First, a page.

11th to 15th Century
The great victory over the Norse in 1014 freed Ireland from their domination and was indirectly a great stimulus to literary production. In two 12th-century manuscripts known as The Book of the Dun Cow and The Book of Leinster are preserved the earliest Gaelic sagas, part in prose, part in poetry, themselves remnants of a much older oral tradition. These sagas have been divided by modern scholars into two cycles. The Ulster, or Red Branch, Cycle is older, consisting of some 100 tales about the heroes of the kingdom of Ulster in the century before Christ, especially the warrior Cú Chulainn (Cuchulainn). Among the more notable tales are The Cattle Raid of Cooley (7th or 8th century) and the story of the tragic heroine Deirdre. The later Fenian, or Ossianic, Cycle centers about the hero Finn mac Cumhail or MacCool, a legendary chieftain and bard of the 2nd or 3rd century. Among his followers was Ossian, also a warrior bard, believed to be his son (see Ossian and Ossianic Ballads). The dominant strain of these tales, mostly in ballad form, is nostalgia for the heroic past; tinged with Christianity, they are more romantic than epic. Among the better-known stories are The Pursuit of Diarmuid and Grainne and the lengthy Dialogue of the Old Men.
Aside from these cycles are groups of mythological tales, including a series of marvelous voyages to the Western Isles, notably The Voyage of Bran; king tales such as The Madness of Sweeney; religious prose, with much emphasis on miracles; and visions, the best known of which is The Vision of Adamnan.
In the later Middle Ages popular ballads and prose tales began to replace the formal bardic literature, and Gaelic translations made the Arthurian legends and some classical literature accessible. The advent of printing, however, which made literature available to large numbers of people in other countries, had little impact in Ireland. Bards there continued to be supported by patrons, their work copied by hand-a tradition that lasted until the early 19th century.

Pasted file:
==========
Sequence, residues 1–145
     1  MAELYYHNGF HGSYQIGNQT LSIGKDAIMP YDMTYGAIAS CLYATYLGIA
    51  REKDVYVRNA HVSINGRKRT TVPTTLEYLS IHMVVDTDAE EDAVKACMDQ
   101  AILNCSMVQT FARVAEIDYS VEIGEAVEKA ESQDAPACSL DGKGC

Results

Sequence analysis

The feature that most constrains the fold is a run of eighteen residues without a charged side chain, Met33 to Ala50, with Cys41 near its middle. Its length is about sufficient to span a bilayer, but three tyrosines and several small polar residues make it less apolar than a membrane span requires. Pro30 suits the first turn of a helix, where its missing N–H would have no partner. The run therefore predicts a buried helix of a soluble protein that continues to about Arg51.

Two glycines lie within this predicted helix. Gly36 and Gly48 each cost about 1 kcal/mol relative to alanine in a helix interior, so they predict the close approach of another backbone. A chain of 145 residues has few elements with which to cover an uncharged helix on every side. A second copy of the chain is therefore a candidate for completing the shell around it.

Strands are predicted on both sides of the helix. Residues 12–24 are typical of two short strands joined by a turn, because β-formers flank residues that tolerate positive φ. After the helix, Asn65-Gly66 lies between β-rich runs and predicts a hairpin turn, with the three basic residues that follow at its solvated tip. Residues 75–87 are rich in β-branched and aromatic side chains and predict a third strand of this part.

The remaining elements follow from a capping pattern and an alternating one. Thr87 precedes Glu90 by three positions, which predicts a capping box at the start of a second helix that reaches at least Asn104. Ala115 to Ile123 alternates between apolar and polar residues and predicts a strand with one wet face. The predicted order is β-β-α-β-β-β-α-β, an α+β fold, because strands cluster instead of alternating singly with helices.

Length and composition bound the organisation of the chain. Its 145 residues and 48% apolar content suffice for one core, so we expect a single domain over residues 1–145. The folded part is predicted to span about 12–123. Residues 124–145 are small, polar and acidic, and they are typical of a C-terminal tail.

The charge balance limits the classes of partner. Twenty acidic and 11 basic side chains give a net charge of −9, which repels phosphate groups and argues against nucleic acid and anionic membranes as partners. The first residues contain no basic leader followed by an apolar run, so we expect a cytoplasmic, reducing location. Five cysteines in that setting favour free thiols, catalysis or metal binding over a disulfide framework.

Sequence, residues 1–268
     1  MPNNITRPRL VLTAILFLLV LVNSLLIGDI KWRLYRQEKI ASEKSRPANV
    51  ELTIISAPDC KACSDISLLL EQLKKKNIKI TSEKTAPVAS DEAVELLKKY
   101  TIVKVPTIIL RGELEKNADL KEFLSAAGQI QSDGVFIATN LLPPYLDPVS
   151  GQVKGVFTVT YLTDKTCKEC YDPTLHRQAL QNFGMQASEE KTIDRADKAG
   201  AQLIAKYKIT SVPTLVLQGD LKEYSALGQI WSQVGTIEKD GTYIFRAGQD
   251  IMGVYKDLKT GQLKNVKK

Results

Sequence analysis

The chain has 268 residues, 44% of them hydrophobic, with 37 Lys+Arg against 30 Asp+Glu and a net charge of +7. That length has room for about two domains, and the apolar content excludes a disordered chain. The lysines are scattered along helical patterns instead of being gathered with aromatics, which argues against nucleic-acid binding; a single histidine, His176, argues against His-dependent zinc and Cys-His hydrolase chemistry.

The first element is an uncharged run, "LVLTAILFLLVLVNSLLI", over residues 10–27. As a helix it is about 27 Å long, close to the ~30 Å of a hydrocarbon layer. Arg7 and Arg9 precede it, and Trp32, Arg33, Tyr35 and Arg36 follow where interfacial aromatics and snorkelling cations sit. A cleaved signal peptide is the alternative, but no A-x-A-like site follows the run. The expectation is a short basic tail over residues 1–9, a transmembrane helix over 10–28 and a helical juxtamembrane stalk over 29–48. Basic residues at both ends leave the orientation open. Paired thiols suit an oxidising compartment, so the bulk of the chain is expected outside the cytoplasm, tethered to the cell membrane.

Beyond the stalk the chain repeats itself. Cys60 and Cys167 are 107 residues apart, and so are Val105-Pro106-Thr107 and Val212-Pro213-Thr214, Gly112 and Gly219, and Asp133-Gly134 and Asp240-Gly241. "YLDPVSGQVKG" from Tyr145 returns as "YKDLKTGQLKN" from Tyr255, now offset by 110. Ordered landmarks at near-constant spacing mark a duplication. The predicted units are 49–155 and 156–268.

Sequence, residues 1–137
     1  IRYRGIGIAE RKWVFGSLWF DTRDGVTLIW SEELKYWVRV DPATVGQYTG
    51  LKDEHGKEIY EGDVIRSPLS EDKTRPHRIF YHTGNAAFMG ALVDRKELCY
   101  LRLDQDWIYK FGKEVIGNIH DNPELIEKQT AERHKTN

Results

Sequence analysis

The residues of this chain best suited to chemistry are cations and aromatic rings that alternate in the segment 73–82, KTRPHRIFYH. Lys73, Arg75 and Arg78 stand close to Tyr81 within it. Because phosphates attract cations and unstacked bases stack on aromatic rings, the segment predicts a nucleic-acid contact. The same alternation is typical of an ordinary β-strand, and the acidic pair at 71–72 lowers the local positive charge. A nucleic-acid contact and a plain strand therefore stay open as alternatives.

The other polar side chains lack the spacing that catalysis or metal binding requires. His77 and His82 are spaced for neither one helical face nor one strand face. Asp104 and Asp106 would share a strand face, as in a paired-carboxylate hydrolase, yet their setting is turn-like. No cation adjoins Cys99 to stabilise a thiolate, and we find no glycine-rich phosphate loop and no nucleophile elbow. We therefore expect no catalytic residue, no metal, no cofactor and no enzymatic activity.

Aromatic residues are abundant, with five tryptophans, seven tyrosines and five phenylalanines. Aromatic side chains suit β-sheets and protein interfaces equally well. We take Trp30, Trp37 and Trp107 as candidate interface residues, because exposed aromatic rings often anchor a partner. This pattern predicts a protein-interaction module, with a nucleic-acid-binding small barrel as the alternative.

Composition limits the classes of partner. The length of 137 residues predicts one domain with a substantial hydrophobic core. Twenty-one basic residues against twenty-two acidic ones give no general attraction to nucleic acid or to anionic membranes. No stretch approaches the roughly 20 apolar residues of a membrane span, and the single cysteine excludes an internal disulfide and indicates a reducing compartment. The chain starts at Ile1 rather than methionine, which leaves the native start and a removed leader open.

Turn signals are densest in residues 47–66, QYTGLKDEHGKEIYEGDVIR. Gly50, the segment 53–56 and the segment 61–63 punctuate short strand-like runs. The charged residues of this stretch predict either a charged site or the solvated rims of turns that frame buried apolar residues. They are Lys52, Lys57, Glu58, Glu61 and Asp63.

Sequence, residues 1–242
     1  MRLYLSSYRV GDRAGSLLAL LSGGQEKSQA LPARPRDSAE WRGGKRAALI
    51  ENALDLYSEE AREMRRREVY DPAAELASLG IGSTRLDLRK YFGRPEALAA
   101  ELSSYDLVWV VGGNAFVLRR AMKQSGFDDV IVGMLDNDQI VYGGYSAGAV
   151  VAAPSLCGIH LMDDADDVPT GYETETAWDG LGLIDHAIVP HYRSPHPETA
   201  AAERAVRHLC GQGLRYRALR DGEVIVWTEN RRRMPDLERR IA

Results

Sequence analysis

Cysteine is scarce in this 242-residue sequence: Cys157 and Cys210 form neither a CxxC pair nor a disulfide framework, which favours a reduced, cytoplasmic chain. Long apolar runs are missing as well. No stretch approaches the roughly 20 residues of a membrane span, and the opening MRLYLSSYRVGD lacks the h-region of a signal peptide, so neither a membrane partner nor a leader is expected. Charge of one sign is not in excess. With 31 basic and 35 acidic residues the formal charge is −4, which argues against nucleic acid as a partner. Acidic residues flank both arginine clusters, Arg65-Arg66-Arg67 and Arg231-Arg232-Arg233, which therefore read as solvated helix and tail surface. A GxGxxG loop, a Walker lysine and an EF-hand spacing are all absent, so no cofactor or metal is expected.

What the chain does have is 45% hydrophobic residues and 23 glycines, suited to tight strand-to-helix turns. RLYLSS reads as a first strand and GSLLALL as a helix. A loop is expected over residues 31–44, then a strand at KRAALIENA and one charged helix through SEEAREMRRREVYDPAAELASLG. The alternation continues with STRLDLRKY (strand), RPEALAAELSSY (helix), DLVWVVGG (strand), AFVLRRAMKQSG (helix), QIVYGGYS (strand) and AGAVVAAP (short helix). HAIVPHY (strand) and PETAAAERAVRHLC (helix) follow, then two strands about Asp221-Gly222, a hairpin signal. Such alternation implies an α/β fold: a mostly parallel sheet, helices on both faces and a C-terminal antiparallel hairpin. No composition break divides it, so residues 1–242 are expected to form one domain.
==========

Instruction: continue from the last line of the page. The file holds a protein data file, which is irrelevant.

Cú Chulainn, principal hero of the Ulster Cycle of early Irish Gaelic literature, of about the 1st century BCE. As a youth, Cú Chulainn (or Cuchulainn) was renowned for his great strength and heroic deeds. He was educated by the outstanding warriors and poets of the time at the court of his uncle, Chonchobor, king of Ulster. In the adventure, The Cattle Raid of Cooley, Medb (or Maeve), queen of Connacht, sent an army into Ulster to capture the famous Brown Bull of Cooley; her army was single-handedly defeated by Cú Chulainn, who, by agreement with Medb, dueled with one warrior each day. He died through Medb's trickery after a battle against all the forces of Ireland. (see: Morrigàn)
17th to 20th Century